To some extent, the history of popular music since the 1950s is the story of the way musicians and composers have broadened their musical palettes by exploiting the shortcomings of the technology used to amplify and reproduce music. The amplification of the guitar resulted in the squall of distortion and feedback that are the hallmarks of rock, and the manipulation of vinyl records on a pair of turntables gave us the post-modern, beat-driven world of hip-hop.
Oval was one of the early pioneers of a similarly deliberate mishandling of technology: using computer software and the physical marking of compact disks (famously with felt tip pens) to create a style of music later dubbed “glitch.” The cadences of the stuttering electronics were both alien and familiar, and are now so much a part of the sonic landscape (think Postal Service, Radiohead or Flying Lotus) as to seem obvious in retrospect.
But Berlin-based Markus Popp, a founding and now sole member of the group, seems almost allergic to labels or expectations. After a string of impressive releases, Oval has been dormant throughout most of the new millenium. Now, Popp has a new sound, using live takes and some traditional instrumentation to build upon the angular atmospherics of Oval’s earlier work. And he’s making up for lost time, with some 85 tracks spread across an EP (“Oh,” out earlier this summer) and a double-album (“O,” out on September 13) – both on Thrill Jockey.
At Length recently corresponded with Popp about the new recordings, his new sonic outlook and his manifesto about his dislike of manifestos.
Oval – Ah! (Right click on the link to download a track from the new double-album.)
At Length: I believe the last record you worked on was 2003′s So, a collaboration with Eriko Toyoda, and your last record as Oval was Ovalcommers in 2001. Also, this summer you’ve released an EP and will shortly release a double LP of all new material. Why did you take a break from recording, and what brought you back? And why return with so much new material all at once? Have you been working on this for a long time, or did it come as a torrent quite recently?
Markus Popp: The “Oh” EP and “O” album are the next chapter in an ongoing dialog with music. And while my early tracks from the mid-90s were engaged with music on a pretty basic and unsophisticated (yet effective) level, these new releases can confidently challenge music on its’ own turf – something I wanted to do for many years, but just did not quite feel ready for. Over the years, I increasingly felt I needed to be part of this conversation – ultimately, because music always has been a part of my life and I wanted to finally come up with a better payback scheme than just dissection or denial.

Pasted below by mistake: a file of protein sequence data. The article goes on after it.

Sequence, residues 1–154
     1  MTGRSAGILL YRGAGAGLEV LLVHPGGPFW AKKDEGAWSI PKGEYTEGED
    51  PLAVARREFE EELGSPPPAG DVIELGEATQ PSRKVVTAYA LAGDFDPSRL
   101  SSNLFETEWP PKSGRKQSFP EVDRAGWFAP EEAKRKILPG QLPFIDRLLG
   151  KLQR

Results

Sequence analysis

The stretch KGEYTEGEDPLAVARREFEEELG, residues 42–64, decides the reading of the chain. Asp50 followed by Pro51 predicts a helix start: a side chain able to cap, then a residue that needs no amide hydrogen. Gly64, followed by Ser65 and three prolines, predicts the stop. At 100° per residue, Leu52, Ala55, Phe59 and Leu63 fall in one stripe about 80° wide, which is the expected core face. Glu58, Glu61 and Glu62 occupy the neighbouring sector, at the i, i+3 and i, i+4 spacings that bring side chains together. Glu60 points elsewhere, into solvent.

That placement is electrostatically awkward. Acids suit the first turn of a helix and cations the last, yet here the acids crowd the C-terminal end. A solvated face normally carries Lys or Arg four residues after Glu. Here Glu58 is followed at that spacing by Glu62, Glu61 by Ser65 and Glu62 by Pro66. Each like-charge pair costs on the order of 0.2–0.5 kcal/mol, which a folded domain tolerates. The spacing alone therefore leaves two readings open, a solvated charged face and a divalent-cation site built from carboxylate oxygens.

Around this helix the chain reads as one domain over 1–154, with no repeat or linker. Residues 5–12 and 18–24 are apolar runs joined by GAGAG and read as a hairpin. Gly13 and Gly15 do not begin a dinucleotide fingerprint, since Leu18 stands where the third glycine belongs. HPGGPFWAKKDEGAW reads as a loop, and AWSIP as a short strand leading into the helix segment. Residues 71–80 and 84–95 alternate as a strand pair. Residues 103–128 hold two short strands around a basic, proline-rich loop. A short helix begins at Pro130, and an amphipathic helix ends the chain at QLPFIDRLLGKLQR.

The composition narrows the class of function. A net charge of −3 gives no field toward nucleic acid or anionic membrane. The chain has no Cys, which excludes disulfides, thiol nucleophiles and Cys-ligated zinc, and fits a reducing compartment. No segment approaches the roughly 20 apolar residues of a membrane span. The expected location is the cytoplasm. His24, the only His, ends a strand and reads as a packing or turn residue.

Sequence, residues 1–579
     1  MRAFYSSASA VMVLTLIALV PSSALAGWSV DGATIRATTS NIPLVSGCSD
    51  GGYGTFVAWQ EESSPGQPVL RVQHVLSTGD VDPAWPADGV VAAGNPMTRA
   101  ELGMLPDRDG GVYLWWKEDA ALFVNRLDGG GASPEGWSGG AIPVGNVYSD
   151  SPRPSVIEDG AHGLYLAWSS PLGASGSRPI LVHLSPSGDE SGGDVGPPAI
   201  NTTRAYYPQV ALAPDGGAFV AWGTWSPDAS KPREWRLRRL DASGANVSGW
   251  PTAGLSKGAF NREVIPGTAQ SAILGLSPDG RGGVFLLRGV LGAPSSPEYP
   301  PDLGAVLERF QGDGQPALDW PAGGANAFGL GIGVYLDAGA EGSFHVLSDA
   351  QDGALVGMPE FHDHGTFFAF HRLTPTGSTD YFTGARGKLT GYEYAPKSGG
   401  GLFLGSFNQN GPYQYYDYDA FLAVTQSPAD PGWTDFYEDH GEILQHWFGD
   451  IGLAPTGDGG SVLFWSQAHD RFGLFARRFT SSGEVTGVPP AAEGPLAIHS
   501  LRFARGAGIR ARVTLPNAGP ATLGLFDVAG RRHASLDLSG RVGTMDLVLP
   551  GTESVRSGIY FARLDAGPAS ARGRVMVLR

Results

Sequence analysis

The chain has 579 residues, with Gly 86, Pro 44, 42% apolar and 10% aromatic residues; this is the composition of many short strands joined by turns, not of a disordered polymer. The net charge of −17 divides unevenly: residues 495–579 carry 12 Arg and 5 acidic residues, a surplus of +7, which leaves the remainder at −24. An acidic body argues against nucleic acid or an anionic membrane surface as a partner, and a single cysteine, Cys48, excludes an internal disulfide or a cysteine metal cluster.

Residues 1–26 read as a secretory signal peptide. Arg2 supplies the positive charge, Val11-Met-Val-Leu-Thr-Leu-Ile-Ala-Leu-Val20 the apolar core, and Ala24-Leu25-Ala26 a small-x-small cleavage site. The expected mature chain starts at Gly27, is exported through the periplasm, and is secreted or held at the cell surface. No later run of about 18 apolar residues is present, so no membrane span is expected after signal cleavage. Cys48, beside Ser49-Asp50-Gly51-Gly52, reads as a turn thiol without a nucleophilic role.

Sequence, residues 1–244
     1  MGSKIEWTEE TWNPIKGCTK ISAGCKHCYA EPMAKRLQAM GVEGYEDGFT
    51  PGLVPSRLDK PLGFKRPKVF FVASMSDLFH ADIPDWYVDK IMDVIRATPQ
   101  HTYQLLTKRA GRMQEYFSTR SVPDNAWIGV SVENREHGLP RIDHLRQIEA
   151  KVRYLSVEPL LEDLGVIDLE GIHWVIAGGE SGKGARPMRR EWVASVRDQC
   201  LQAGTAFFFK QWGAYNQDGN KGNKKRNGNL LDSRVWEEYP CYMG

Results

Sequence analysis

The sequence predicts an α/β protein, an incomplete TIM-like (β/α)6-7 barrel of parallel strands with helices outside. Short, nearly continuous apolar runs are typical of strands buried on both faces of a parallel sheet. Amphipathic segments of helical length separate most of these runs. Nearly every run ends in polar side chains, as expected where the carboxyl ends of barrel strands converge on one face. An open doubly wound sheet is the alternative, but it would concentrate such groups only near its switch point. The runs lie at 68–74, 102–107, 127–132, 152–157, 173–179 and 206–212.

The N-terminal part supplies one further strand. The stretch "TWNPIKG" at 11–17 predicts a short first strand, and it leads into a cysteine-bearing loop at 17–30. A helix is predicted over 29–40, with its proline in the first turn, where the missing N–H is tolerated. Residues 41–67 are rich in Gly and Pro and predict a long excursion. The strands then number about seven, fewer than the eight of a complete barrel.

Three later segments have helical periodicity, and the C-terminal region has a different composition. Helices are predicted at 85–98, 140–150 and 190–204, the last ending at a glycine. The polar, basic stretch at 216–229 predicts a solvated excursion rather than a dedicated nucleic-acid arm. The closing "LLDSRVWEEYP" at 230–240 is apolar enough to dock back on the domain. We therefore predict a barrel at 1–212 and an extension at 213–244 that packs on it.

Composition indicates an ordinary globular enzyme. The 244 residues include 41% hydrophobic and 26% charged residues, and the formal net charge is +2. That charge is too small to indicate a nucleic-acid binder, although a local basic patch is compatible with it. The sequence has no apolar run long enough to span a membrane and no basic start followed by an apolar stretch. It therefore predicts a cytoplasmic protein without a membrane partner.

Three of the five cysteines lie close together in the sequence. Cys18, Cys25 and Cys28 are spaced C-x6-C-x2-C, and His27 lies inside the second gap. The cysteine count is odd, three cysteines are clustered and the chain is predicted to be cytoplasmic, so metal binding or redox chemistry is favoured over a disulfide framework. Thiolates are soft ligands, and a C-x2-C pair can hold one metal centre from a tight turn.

I always knew I would return with something – albeit not at all cost. Simply returning with just some new iteration of “electronic music” just wasn’t good enough. Basically, there was always a lot more “music” in Oval than might have been apparent all along, it was only a question of which form it would take in 2010. But then again, if you compare my 2010 material with my early albums, you realize that I just might have posted this “love letter to music” already a long time ago – and that it is only now, that its contents becomes more clear. To me, “O” is like a debut album, it is full of passion and enthusiasm.
How to start this dialogue with music? Easier said than done. Step 1: radical departure – do everything differently on all levels: technically, musically, organizationally. I wanted to PLAY stuff, take control – for example, by establishing riffs as the new main building block, replacing loops. This added much more immediacy and control (but also a lot of new decision-making and new responsibilities), while being loop-based had been by definition static and inflexible.
By recording my own improvisations, I was now the composer, not just the “music coordinator.” Once I had the tech aspect down, things went pretty quickly from there. The tracks are pretty much recorded live (of course in multi-track). Still, this says nothing about which direction to take from there – that took even longer. Having direct, real-time access to things does not mean that I was working any faster. All phrases have been triggered as you hear them, they are not montages. In the end, I decided to capture these riffs really quickly, like shooting Polaroids – if the recording went the wrong way, I had to do everything all over again.
AL: In the past, you’ve been careful to note that while you arrange the sounds on any particular piece of music you release as Oval, you don’t actually make the sounds that are heard. Yet it seems that on your new work, there is something akin to more traditional musicianship or music-making going on, with “live” instruments recorded in the studio. Are those samples? Are you playing any instruments on this record?
MP: Hmm, careful with that “traditional musicianship” part. I have seen it fail before!
Sure, I had set my priorities differently. Instead of highlighting the “authorship” question, I went straight into the opposite direction: I wanted to be in charge of bringing out the “music” in “electronic music.” In practice, the production of O(h) was often all about ending up with the best possible take. You know, that one recording that is worth practicing an entire day for, the one that can convey a certain sophistication beyond all that technology involved. Joining the music game was also a pragmatic decision: to establish myself as a producer, widen the frame of reference and to ask for a fair chance to show what my music can do in the real world.
So, am I actually playing instruments on this new record? Yes and no. The more important question is: how to force music-making to catch up with the new challenges of this age of hyperrealism which is already seamlessly integrated into the aesthetic canon of other fields of media productivity, e.g. film.